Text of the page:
During the dark years of slavery, there were also African Americans who gained their “freedom” in the North. Considering how White Americans treated and viewed African Americans we must question if “black’s rights” actually qualified as freedom. The free blacks in the North, with all their regulations and rules, would definitely not be considered free in the modern day. Freedom is the being able to do whatever you want, and go where you need to in order to obtain security. African Americans were not given these rights; they were segregated, judged, and treated inhumanely.
The start of Democrats and Republicans was slavery. The Republicans were not for slavery, while the Democrats were. The south believed that the Bible said that African Americans were inferior to whites, and were meant to be their slaves. Once freed, the north attempted to integrate the African Americans through bills. The south did everything to restrict their freedom.
The Jim Crow Laws were state-level legal codes of segregation against the blacks in the South. After the Federal government removed troops from the last of the Southern states, effectively ending Southern Reconstruction for good, there were no longer any barriers against the Southern whites foul treatment against the freed black men. In Plessy v. Ferguson, the Supreme Court backed South's segregationist social order by claiming that is was Constitutional to segregate the blacks with "separate but equal" facilities. The only problem was, the blacks weren't given equal conditions. The schools for their children were of a terribly poor standard.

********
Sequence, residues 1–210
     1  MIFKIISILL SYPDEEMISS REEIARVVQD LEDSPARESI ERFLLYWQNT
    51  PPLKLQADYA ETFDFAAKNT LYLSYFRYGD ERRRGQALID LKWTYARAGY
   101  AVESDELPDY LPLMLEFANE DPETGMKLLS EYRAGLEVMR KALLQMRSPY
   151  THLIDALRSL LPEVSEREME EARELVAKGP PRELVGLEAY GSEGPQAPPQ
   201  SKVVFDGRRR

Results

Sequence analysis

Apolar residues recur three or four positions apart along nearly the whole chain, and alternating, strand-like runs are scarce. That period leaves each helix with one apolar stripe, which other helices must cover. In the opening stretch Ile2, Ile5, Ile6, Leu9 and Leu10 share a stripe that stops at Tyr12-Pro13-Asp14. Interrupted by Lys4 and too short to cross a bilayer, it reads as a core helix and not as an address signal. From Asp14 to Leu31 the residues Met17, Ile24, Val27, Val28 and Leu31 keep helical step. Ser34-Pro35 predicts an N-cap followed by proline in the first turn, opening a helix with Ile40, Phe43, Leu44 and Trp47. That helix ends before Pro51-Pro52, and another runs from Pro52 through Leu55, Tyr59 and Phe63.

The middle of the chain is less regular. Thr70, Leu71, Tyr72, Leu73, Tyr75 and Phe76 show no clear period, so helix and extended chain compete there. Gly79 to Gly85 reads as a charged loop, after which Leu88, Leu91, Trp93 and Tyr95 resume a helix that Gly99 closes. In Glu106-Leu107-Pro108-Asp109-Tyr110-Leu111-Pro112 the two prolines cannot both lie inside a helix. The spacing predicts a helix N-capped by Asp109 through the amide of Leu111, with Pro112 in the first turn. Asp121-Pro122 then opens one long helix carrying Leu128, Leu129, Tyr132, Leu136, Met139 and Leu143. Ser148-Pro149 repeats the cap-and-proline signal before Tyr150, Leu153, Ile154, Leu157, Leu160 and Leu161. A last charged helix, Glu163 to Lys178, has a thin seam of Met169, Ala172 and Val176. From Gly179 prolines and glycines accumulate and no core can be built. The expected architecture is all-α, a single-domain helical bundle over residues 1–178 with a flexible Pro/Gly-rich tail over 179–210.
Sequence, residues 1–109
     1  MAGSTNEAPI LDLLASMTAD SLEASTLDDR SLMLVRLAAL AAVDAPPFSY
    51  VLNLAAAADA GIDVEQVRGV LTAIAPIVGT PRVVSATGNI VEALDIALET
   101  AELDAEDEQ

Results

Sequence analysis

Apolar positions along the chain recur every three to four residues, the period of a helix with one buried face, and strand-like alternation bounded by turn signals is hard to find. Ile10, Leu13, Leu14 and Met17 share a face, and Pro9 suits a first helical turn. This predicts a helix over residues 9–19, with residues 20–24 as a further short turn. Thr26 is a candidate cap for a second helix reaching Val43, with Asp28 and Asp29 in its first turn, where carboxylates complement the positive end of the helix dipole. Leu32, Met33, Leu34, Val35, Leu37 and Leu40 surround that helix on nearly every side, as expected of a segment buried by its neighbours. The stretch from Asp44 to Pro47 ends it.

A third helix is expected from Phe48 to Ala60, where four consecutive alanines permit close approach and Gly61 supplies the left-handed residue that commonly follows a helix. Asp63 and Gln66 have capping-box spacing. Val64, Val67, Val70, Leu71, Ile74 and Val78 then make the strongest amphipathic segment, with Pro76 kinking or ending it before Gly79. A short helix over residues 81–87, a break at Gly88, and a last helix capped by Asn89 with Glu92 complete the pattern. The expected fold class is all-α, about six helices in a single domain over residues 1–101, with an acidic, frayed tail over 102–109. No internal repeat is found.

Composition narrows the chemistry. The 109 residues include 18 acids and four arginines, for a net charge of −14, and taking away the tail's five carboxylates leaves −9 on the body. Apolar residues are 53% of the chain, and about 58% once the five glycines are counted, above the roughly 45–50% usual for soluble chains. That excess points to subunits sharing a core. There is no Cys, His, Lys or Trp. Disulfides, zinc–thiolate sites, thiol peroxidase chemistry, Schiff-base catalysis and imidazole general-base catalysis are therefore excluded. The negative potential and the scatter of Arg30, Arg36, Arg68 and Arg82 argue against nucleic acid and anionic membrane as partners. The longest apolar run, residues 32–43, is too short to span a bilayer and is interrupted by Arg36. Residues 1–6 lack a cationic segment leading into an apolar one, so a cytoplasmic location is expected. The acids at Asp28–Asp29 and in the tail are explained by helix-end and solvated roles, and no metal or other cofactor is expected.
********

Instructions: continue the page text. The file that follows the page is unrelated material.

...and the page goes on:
Lastly, the 15th Amendment said that no citizen can be denied the right to vote because of your race, the color of your skin, or of previous conditions of enslavement. The Civil Rights Act of 1875 gave freedmen, and white men the same rights and legal protection, regardless of different laws. Though the bill said that blacks could serve on juries, the bill did not provide means for enforcement. Although these acts were no longer enforced, they served as a model for the civil rights acts passed in the twentieth century. The South used laws called black codes.
Post-racial America is a myth. The colorblind/post-racial theory that race no longer matters in America’s society and that the rights and racial order (mainly whites-blacks) of America in post-Civil Rights era just falls short of the truth. Up until 1964, the Jim Crow laws were state and local laws implementing racial segregation in Southern America. Both whites and African-Americans lived under the “separate but equal” status for black citizens and racism was the norm. July 2nd, 1964 brought the end of Jim Crow laws and introduced the Civil Rights Act of 1964, which became a landmark in America’s history by enforcing the civil rights of all citizens and outlawing discrimination based on one’s race, religion, sex, or color.